Two major blockchain players announced a joint project Tuesday to standardize data in the industry, signaling startups are looking at ways to support sustainable growth.
LO3 Energy announced its energy data platform, Exergy, will now be an affiliate of the nonprofit Energy Web Foundation, which advocates for blockchain technology in energy applications. Together they’ll work on standardizing data for use in EWF’s blockchain, which is designed specifically for the energy industry.
Lawrence Orsini, LO3's CEO, said creating a data standard for transacting energy across projects and users is key to meeting blockchain's potential.
“Not having the data at the scale we’re talking about, from the grid edge, is like trying to run the internet in the early days with smoke signals,” Orsini said. “The data you have is not [at] the right intervals, it’s not the right type of data, it’s not standardized — every project you do you have to reinterpret the data.”
The goal is to make sure that projects and resources on the grid edge can use the same language to talk with each other. Those standards do not exist as of yet. Orsini specifically cited one program meant to give consumers more agency over their energy-use data, Green Button, as a “broken business model” that hasn’t delivered the relevant data at the scale he hoped.
LO3 aims to pull more data into the marketplace through smart meters and other distributed energy resources and use that data to scale energy transactions, all underpinned by blockchain. Other EWF affiliates can contribute to use the data for product creation, grid management, and other grid applications. Over 30 companies are currently using EWF's test network.
“It’s really an effort to accelerate the business models that need to spring up for us to get to transactive energy markets and adopt DERs at scale at the grid edge,” Orsini said.
The company will begin with a demonstration project that includes its Exergy platform and an EWF member. LO3 declined to offer a timeline for the project. It will continue with other projects, such as its local energy market in Cornwall, micro-energy hedging in Texas, and microgrids in Brooklyn and Allgau, Germany.
GTM Research grid edge analyst Colleen Metelitsa said the significance of the LO3-EWF partnership may lie in the business relationship more than the project. Both companies are big names in blockchain.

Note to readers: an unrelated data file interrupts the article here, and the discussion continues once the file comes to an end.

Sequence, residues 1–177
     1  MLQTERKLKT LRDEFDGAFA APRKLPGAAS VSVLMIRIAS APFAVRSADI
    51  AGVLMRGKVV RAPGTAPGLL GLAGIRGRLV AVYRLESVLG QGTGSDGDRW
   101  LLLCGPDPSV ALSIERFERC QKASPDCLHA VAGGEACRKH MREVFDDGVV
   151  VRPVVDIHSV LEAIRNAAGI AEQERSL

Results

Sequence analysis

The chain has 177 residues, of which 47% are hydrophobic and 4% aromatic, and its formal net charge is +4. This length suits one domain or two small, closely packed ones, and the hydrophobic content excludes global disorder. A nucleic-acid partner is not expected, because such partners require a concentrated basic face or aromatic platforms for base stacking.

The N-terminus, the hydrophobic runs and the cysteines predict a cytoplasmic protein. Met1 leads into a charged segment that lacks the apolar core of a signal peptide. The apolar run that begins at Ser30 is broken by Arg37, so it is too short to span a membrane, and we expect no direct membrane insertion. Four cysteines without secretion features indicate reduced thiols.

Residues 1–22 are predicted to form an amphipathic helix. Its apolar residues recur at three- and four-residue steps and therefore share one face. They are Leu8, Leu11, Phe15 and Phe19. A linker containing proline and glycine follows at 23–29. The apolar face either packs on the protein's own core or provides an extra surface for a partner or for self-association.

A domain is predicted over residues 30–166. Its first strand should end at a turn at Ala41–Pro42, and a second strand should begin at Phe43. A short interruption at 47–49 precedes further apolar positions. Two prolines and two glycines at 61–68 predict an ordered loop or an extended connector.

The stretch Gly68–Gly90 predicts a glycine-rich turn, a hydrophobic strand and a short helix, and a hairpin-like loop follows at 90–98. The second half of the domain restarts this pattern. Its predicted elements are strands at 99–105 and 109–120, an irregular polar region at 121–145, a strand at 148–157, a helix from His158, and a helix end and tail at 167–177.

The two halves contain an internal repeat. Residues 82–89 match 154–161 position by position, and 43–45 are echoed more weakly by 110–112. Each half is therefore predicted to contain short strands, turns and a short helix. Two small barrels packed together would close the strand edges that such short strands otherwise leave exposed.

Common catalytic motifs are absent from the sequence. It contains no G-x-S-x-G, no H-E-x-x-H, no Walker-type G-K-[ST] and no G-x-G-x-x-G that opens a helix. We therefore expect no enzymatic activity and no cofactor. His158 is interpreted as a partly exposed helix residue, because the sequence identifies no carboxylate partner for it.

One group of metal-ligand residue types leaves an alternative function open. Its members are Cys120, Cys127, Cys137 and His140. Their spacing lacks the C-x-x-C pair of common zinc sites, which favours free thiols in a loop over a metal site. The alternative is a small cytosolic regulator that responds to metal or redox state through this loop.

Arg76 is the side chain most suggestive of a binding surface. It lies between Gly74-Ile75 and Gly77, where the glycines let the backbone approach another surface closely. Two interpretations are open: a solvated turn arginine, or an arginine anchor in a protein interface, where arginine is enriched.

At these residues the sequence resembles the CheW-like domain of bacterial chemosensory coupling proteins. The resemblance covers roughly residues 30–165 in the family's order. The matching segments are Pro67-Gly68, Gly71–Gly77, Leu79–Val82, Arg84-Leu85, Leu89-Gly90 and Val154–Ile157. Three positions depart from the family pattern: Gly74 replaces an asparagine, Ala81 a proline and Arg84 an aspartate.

In the past, similarities between LO3's and EWF’s goals indicated the two were in competition. But Orsini argues there’s “pretty strong alignment for the market” on both sides of the agreement.
“We’re starting to see companies really recognize that it’s in their best interest to work together to scale the industry as quickly as possible, and to standardize it as quickly as possible, so you can get beyond pilots and use cases,” said Metelitsa.
While diverse companies in the blockchain space may currently be willing to play together for a common goal, that may not be the case as they add different applications, said Metelitsa.
“Down the line, I have a hard time believing they won’t be in some type of competition with each other,” she said.
The “affiliate” relationship is similar to those EWF has already initiated with utilities such as Duke Energy, oil and gas majors like Shell, and startups like Verv. EWF has raised $17 million from its affiliates.
“A lot of these companies that are joining them, they aren’t just small startups that don’t also have their own connections. These are people that have their own consortia, have their own platforms, have their own goals,” said Metelisa. “EWF is gaining some traction.”
Orsini, who in the past has characterized the blockchain industry as mostly hype, said relationships like the one between LO3 and EWF will propel the market forward.
“To get through this energy transition, it is going to take a method to pull information from distributed resources,” said Orsini. This type of data standardization, he added, “feels necessary and it feels a bit overdue.”